fighting spam and scams on the Internet
"419" Scam – Advance Fee / Fake Lottery Scam
The so-called "419" scam is a type of fraud dominated by criminals from Nigeria and other countries in Africa. Victims of the scam are promised a large amount of money, such as a lottery prize, inheritance, money sitting in some bank account, etc.
Victims never receive this non-existent fortune but are tricked into sending their money to the criminals, who remain anonymous. They hide their real identity and location by using fake names and fake postal addresses as well as communicating via anonymous free email accounts and mobile phones.
Keep in mind that scammers DO NOT use their real names when defrauding people.
The criminals either abuse names of real people or companies or invent names or addresses.
Any real people or companies mentioned below have NO CONNECTION to the scammers!
Read more about such scams here or in our 419 FAQ. Use the Scam-O-Matic to verify suspect emails.
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Some comments by the Scam-O-Matic about the following email:
- This email uses a separate reply address that is different from the sender address. Spammers use this to get replies even when the original spam sending accounts have been shut down. Also, sometimes the sender addresses are legitimate looking but fake and only the reply address is actually an email account controlled by the scammers.
- The following phrases in this message should put you on alert:
- "the consignment" (they want you to be blinded by the prospect of quick money, but the only money that ever changes hands in 419 scams is from you to the criminals)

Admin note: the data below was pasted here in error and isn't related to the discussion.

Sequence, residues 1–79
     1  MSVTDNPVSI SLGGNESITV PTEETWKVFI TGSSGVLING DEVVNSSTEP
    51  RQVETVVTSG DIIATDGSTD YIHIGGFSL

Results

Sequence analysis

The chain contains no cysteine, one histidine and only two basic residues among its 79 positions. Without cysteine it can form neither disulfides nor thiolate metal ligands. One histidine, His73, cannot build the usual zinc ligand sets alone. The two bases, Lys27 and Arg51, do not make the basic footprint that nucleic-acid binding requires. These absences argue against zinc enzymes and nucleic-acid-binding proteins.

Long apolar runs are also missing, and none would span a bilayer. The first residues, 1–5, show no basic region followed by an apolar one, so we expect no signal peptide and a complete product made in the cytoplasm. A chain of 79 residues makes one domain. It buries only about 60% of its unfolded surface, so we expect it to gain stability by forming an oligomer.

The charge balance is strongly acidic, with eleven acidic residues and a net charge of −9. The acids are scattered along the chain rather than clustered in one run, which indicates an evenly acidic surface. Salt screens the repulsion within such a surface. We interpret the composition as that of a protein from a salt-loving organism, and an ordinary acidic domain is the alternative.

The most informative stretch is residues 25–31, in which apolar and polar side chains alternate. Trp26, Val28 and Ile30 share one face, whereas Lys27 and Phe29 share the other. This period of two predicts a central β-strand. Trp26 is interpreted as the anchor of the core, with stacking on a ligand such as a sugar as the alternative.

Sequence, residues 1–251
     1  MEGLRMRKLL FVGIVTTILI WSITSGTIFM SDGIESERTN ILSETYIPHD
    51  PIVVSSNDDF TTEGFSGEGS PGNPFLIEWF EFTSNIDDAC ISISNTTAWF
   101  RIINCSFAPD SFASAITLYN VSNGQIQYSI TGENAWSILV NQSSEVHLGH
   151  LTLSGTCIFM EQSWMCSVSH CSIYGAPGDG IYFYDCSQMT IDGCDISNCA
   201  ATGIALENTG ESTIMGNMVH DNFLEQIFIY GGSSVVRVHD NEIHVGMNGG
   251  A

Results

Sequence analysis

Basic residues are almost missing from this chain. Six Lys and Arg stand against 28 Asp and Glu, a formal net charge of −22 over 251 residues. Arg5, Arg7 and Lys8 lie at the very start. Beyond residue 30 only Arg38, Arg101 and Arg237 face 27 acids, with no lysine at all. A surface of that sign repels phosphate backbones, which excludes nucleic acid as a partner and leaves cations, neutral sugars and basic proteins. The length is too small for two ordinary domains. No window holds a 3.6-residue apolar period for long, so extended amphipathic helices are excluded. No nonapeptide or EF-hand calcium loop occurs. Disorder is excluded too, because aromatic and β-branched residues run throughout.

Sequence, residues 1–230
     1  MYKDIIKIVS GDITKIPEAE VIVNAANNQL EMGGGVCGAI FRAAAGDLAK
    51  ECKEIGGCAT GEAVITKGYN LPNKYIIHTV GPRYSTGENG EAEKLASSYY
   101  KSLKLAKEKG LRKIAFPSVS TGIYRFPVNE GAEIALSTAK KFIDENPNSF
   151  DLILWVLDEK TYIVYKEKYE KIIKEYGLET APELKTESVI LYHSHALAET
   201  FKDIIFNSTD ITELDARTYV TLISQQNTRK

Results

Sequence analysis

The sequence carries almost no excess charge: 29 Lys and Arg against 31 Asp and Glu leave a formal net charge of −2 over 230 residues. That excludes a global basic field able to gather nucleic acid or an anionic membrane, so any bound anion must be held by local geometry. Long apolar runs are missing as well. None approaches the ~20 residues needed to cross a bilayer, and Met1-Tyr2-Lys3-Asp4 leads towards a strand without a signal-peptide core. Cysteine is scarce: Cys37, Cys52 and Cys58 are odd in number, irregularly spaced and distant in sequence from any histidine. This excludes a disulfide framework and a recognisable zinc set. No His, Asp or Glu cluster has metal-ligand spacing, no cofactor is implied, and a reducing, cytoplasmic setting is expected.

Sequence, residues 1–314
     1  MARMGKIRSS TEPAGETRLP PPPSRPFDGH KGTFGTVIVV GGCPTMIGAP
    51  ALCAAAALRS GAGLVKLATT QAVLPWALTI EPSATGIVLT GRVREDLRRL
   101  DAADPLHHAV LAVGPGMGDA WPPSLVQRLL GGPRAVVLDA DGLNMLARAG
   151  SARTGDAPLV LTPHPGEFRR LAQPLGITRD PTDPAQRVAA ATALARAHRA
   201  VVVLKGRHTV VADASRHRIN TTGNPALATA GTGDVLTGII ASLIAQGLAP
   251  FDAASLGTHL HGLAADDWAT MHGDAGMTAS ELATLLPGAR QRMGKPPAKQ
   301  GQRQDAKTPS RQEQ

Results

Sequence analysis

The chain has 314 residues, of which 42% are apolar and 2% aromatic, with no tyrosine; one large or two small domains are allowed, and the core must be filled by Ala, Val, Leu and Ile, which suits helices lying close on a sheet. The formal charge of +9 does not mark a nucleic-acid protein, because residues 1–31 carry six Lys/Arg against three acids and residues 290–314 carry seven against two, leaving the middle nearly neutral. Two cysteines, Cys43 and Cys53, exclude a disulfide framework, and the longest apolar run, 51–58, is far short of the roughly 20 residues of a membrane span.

- "consignment " (they want you to be blinded by the prospect of quick money, but the only money that ever changes hands in 419 scams is from you to the criminals)
- "email@example.com" (this email address has been used in a known scam)
- This email message is a 419 scam. Please see our 419 FAQ for more details on such scams.
- This email lists free webmail addresses. Use of such addresses is typical for scams. Lotteries, banks and any but the smallest of companies do not normally use such addresses. Criminals use them to anonymously send and receive email at Internet cafes.
- firstname.lastname@example.org (Yahoo, New Zealand; can be used from anywhere worldwide)
Fraud email example:
From: "Capt.Jennyson Walter" <email@example.com>
Date: Thu, 18 Dec 2014 20:19:08 -0430 (VET)
Subject: YOU HAVE ONE UN-READ MESSAGE
Good Day !!
I am Cpt. Jennyson Sicart Walter, an officer in the U.S Army. I served in Iraq
for over 7 years before I was deployed to Afghanistan. During my service in
Iraq, I was able to secure $46Million as my share. This is part of the cash we
discovered in Baghdad which was undeclared at that time. You can find the
history on the BBC and CNN Link below:
I had to arrange the cash in a military box and moved to a secure location in
Europe. I have also made arrangement on how to move this box to you if you can
confide in me.
I want to hand over this funds to a trust Worthy Person that can help me keep it
safe until I return back from service so that both of us can establish joint
investment or business. can you be trusted? kindly send me your name,address and
cell phone # for easy communication. Pls reply me through my private email :
WE CAN MOVE THE CONSIGNMENT TO PARIS FRANCE OR MONTREAL CANADA,DEPENDS ON WHERE
YOU PREFER BECAUSE MY PA HAS STRONG BANK CONTACT'S OVER THERE WHERE YOU WILL
OPEN AN ACCOUNT ON YOUR NAME AND DEPOSIT THE FUNDS AFTER CLAIMING FROM THE AGENT
WHO SHALL DELIVER IT TO YOU.
Please kindly keep this transaction Confidential because I am still serving in
the Military camp here in Afghanistan.
Cpt.Jennyson Sicart Walter
US Rescue Team,Afghanistan
PLEASE REPLY THROUGH THE BELLOW EMAIL ADDRESS FOR SECURITY REASON'S.